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The Universal Language Of Plugin Modeling

Jun 21, 2012

Hey all,

Recently, I had an opportunity to work with a band that has been around for almost 40 years. In fact, theirs was one of the first concerts that I had ever seen as a teenager, and had greatly influenced both my guitar playing as well as my getting into this industry.

I was honored to actually get to mix this band, and was excited to get the opportunity to show off my chops to my childhood heroes. Well, that didn't work out so well. Sometimes we should be careful what we wish for.

Plugins are the tools that allow me to do my job. With the knowledge of Waves' 130 some-odd plugins, the tools are in place to handle any situation. The problem occurs when the band you are working for doesn’t have a clue as to HOW they want to sound. OR, there are two factions within the band that want the mix to sound like completely opposite ends of the spectrum.

This is a rough scenario, and pulls from every single ounce of your experience and training. Freud developed theories about the unconscious mind and the mechanism of repression, and established the field of verbal psychotherapy by creating psychoanalysis, a clinical method for treating psychopathology through dialogue between a patient (the band) and a psychoanalyst (FOH engineer). These techniques are used to try to determine just what the band requires of us as mixers. Most times, our job as sound engineer is superseded by our job as the therapist for the band and crew. This was definitely the case in this scenario, but I kept my head down and tried to provide the best level of care for the patient.

Some plugins are subtle; others are slash and burn. There is a right tool for the job. I was told by the singer of this particular band that my mix was not bright enough. What was the easiest fix? Waves OneKnob Brighter on the mix bus and turned the knob until the singer screamed for mercy. (The rest of us were under furniture in order to get away from the audio assault.) Of course, as soon as I did that, the singer asked for the mix to be "bigger." I took OneKnob Brighter off and put OneKnob Phatter on the mix bus; it seemed to appease for a little while.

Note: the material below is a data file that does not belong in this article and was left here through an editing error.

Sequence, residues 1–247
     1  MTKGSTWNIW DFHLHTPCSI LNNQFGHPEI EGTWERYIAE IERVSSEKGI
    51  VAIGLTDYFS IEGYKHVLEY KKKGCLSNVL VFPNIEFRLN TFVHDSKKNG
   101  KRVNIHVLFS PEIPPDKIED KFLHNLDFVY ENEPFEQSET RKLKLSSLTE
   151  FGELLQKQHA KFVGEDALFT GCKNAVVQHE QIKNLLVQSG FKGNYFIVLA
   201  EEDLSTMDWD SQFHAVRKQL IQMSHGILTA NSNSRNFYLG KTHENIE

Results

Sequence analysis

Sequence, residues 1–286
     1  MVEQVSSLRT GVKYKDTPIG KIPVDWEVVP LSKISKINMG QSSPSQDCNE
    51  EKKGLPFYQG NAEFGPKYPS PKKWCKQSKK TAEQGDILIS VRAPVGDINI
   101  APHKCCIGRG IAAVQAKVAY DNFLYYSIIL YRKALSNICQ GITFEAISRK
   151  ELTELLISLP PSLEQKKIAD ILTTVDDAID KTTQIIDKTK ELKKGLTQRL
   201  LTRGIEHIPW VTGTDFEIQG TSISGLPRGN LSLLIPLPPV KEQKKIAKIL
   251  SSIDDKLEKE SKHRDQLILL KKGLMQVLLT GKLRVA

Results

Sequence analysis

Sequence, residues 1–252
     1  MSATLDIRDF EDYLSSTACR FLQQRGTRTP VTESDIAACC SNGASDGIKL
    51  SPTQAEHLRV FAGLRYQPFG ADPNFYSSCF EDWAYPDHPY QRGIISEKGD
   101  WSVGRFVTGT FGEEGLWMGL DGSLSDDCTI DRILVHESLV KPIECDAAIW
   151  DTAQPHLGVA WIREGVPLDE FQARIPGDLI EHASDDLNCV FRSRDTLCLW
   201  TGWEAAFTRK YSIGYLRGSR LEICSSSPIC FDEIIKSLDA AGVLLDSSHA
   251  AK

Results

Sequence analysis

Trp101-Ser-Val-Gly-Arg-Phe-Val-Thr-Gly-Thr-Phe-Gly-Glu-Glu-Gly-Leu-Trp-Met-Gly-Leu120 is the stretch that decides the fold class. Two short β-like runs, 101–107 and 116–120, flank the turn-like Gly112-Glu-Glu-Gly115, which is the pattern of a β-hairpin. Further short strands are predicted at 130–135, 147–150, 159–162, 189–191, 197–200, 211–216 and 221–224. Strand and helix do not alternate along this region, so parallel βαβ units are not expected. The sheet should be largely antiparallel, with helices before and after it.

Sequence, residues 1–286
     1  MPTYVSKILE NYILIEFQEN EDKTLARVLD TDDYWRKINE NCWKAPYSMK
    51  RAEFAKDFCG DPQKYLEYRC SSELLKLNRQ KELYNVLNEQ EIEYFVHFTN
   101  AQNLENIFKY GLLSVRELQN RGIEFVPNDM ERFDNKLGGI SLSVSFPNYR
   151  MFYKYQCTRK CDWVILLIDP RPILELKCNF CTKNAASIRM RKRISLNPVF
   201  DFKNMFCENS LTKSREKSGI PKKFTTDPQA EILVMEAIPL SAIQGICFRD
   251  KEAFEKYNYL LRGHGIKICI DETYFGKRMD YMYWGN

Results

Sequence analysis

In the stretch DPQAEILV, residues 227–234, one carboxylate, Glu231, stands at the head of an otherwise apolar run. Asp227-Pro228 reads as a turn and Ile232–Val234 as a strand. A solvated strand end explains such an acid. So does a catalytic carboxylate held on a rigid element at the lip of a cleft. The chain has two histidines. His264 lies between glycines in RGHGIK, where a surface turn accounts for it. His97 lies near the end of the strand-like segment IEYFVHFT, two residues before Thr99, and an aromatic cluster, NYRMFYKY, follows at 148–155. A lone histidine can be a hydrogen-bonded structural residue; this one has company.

Luckily, I have these tools. Prior to these, I would be able to (sort of) do what he was asking for with EQ, but not as fast and with such an immediate change.

The second faction of the band wanted something completely different and wanted to see EXACTLY what I was doing with the plugins. I knew this was coming, so I purposely made plugin choices based around older modeled plugins that I knew that this older act would be familiar with. I used the CLA-76, CLA-2A, CLA-3A, V-EQ3, V-EQ4, API 2500, API 550A, API 550B, API 560, SSL E-Channel, SSL G-Channel, SSL G-Equalizer, and the SSL G-Master Buss Compressor. The guitar player instantly felt at home. He had vast experience with the analog versions of these units, so the switch to a computer interface was an easy change.

On a side note, a good friend and fellow engineer suggested that I try Trans-X on the snare drum; what it did was amazing. It was something that I had not tried before, and made it pop and come out of the mix. (Thanks Brad!)

By the time I had gone around in circles with this band for two days, my head was swimming. I had made it right back to how I started, SEVERAL times during the ordeal, and they still weren't able to come to an agreement about just how they should sound. It was one of the most frustrating things that I have experienced in my career. Unfortunately, I got lost in some politics that really had nothing to do with me, and I did not end up doing the tour. Things happen for a reason, and in this case I think it was for the best. The point is that I had every single tool I needed to give them what they wanted. Waves are the plugins that I consistently turn to in difficult situations like this. The Waves Live bundle, Studio Classics Collection and the C6, are the Phillips, flat head AND hex nut attachments that get the job done.


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